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marked as duplicate by AndiDog, bernie, spoon16, Jochen Ritzel, SilentGhost Oct 15 '10 at 21:25

This question has been asked before and already has an answer. If those answers do not fully address your question, please ask a new question.

2  
read the faq –  SilentGhost Oct 15 '10 at 21:23
    
I think that other question answer the implications (follow the links in the question) and reasoning pretty well. –  AndiDog Oct 15 '10 at 21:23
    
good candidate for merging, I didn't see the other question when searching/asking –  spoon16 Oct 15 '10 at 21:24
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So you asked a question then promptly answered it yourself... –  Nick T Oct 15 '10 at 21:25
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@Nick T, yes... I asked it based on comments from another question I recently asked. Then found the answer on the web and posted it here. Nothing wrong with that :) –  spoon16 Oct 15 '10 at 21:29
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1 Answer

From: http://www.network-theory.co.uk/docs/pytut/DefaultArgumentValues.html

The default value is evaluated only once. This makes a difference when the default is a mutable object such as a list, dictionary, or instances of most classes. For example, the following function accumulates the arguments passed to it on subsequent calls:

def f(a, L=[]):
    L.append(a)
    return L

print f(1)
print f(2)
print f(3)

This will print

[1]
[1, 2]
[1, 2, 3]

If you don't want the default to be shared between subsequent calls, you can write the function like this instead:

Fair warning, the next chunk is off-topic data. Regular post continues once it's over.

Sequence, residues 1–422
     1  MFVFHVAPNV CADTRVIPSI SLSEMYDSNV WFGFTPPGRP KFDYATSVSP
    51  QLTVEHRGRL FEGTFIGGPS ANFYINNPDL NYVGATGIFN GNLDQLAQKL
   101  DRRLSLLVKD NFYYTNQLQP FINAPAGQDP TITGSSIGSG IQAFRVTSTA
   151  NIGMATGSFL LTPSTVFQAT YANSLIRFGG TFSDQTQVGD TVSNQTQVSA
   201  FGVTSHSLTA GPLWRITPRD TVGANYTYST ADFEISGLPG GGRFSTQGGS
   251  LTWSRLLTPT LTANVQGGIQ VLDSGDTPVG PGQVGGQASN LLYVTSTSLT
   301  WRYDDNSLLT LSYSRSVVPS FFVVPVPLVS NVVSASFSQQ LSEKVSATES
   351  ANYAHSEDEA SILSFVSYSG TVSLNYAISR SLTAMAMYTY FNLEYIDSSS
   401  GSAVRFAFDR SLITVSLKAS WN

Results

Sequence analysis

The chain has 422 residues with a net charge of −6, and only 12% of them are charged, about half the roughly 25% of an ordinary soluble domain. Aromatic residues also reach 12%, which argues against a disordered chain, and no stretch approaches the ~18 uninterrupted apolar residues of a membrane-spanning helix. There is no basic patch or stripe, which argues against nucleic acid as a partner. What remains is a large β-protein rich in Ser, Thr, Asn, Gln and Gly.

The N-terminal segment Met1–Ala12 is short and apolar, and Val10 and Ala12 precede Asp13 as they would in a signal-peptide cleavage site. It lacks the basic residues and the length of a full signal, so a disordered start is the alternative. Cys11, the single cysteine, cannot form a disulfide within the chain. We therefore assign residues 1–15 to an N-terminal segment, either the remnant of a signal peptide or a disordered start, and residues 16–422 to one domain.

def f(a, L=None):
    if L is None:
        L = []
    L.append(a)
    return L
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1  
Technically the default value is evaluated each time the function definition is executed. For example, if you define a function within a function, and give the inner function a default argument, that default argument gets evaluated each time the outer function is called. This can be used to get the same sort of behaviour provided by C static variables, though I'm not sure if doing so is considered good style; in most or all cases it would probably be better to use a normal closure. –  intuited Oct 15 '10 at 21:26
    
are you sure you're legally allowed to copy other peoples' content? –  SilentGhost Oct 15 '10 at 21:32
    
It's an excerpt of a book which was published as part of a python tutorial. I properly sourced the source I got it from and they properly source the source they got it from... I don't think it's a problem. If any moderators disagree though my feelings will not be hurt if this answer is removed. –  spoon16 Oct 15 '10 at 21:54
    
there should really be a rule that you can't provide non-cw to answers that you vote to close on. –  aaronasterling Oct 15 '10 at 21:54
    
sorry, I voted to close after I answered which was before I realized there was an exact duplicate –  spoon16 Oct 15 '10 at 21:56
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